They had to retrace their steps but a few yards before coming to a fathomless opening with jagged sides and splintered edges, where the thin ice that had afforded them a safe passage had given way beneath the heavier weight of their pursuer. No sound save that of rushing waters came from the cruel depths, nor was there any sign.

The boys lingered irresolutely about the place for a few minutes, and then fled from it as from an impending terror.

For the remainder of that day, though no longer in dread of pursuit, they made what speed they might down the mountain-side, following rough river-beds, threading belts of mighty forest, climbing steep slopes, and descending others into narrow valleys.

The sun was near his setting, and our lads were so nigh exhausted that they had seated themselves on a moss-covered log to rest, when they were startled by a heavy rending crash that echoed through the listening forest with a roar like distant thunder.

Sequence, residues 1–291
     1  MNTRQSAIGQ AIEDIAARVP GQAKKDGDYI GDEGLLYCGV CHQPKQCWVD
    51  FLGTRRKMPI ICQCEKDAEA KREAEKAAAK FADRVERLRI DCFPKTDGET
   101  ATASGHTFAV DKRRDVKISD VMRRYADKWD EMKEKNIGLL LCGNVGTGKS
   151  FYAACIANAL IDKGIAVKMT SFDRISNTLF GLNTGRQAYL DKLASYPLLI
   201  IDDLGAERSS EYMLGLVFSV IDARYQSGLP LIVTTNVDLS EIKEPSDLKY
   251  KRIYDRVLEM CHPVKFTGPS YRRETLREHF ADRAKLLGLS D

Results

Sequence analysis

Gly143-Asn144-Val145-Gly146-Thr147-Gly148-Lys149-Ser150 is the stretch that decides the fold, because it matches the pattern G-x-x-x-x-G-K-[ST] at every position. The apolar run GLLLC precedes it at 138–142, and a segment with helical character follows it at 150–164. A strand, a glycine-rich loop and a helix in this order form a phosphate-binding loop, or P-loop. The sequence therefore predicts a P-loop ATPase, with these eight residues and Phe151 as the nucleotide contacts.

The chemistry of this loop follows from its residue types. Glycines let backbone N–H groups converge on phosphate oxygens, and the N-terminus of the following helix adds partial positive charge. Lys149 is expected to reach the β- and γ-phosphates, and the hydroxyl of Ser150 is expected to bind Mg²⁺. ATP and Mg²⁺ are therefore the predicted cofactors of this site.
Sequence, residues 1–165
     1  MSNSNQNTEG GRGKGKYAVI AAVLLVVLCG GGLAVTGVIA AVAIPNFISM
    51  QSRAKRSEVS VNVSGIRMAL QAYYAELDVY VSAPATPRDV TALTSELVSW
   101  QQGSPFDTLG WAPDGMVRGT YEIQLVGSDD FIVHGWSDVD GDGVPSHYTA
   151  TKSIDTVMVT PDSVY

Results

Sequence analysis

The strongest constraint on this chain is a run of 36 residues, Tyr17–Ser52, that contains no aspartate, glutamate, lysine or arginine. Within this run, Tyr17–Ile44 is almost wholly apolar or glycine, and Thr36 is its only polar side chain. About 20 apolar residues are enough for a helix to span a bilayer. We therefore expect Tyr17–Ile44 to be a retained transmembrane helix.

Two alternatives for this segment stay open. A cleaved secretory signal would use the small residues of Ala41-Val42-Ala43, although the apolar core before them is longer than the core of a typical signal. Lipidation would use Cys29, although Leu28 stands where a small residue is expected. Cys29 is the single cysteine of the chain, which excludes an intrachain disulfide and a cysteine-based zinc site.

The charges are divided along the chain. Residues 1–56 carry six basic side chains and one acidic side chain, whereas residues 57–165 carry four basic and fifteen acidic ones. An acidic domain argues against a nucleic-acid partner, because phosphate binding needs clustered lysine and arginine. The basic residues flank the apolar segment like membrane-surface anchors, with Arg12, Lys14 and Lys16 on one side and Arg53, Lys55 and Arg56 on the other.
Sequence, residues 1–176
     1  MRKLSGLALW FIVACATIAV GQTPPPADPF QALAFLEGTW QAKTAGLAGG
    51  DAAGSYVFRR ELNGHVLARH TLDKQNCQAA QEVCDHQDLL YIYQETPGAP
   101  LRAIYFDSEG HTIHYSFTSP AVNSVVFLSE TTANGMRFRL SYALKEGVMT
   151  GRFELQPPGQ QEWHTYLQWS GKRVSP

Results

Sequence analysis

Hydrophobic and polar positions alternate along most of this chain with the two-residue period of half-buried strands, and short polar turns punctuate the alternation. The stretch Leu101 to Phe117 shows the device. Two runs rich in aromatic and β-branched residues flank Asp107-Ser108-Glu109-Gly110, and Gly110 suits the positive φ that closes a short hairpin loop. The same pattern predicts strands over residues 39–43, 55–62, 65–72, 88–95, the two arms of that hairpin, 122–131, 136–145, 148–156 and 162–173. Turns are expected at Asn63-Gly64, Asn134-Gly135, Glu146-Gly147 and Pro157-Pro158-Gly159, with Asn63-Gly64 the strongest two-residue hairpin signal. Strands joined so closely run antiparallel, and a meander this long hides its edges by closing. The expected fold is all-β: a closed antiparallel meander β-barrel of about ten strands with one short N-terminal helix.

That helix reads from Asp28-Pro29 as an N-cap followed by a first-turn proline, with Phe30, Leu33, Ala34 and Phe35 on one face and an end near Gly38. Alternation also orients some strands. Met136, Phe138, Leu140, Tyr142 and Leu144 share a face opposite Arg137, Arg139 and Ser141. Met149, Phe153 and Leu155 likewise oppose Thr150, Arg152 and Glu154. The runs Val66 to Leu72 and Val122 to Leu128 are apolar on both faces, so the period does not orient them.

The boys looked at each other, and then at what bits of sky they could see through the far-away tree-tops. It was of unclouded blue, and the sun was still shining.

"Rick!" cried Bonny, starting to his feet, "I believe it was a falling tree."


"I mean one that was made to fall by axe and saw."

"Oh, Bonny!" was all that Alaric could reply; but in another instant he was leading the way through tall ferns and along the stately forest aisles in the direction from which had come the mighty crash.



A perfect day of early September was drawing to its close, and the gang of loggers belonging to Camp No. 10 of the Northwest Lumber Company, which operated in the vast timber belt clothing the northern flanks of Mount Rainier, were about to knock off work. From earliest morning the stately forest, sweet-scented with the odors of resin, freshly cut cedar, and crushed ferns, had resounded with their shouts and laughter, the ring of their axes, the steady swish of saws, and the crash of falling trees. To one familiar only with Eastern logging, where summer is a time of idleness, and everything depends on the snows of winter, followed by the high waters of spring, the different methods of these Northwestern woodsmen would be matters of constant surprise. Their work goes on without a pause from year's end to year's end. There is no hauling on sleds, no vast accumulations of logs on the ice of rivers or lakes, no river driving, no mighty jams to be cleared at imminent risk of life and limb—nothing that is customary in the East. Even the mode of cutting down trees is different.